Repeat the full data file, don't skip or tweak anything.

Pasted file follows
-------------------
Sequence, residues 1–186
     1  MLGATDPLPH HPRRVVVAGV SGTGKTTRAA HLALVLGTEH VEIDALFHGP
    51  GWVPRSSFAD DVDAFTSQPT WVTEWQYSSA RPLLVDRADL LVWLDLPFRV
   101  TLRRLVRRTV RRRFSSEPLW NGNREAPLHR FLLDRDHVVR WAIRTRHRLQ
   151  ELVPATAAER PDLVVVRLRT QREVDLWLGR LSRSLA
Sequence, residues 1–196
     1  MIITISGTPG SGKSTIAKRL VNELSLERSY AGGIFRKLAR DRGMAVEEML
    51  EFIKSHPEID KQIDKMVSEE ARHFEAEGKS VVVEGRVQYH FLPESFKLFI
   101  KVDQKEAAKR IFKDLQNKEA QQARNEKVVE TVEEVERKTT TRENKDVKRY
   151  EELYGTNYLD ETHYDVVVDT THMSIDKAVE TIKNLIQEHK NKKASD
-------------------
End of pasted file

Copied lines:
Sequence, residues 1–186
     1  MLGATDPLPH HPRRVVVAGV SGTGKTTRAA HLALVLGTEH VEIDALFHGP
    51  GWVPRSSFAD DVDAFTSQPT WVTEWQYSSA RPLLVDRADL LVWLDLPFRV
   101  TLRRLVRRTV RRRFSSEPLW NGNREAPLHR FLLDRDHVVR WAIRTRHRLQ
   151  ELVPATAAER PDLVVVRLRT QREVDLWLGR LSRSLA
Sequence, residues 1–196
     1  MIITISGTPG SGKSTIAKRL VNELSLERSY AGGIFRKLAR DRGMAVEEML
    51  EFIKSHPEID KQIDKMVSEE ARHFEAEGKS VVVEGRVQYH FLPESFKLFI
   101  KVDQKEAAKR IFKDLQNKEA QQARNEKVVE TVEEVERKTT TRENKDVKRY
   151  EELYGTNYLD ETHYDVVVDT THMSIDKAVE TIKNLIQEHK NKKASD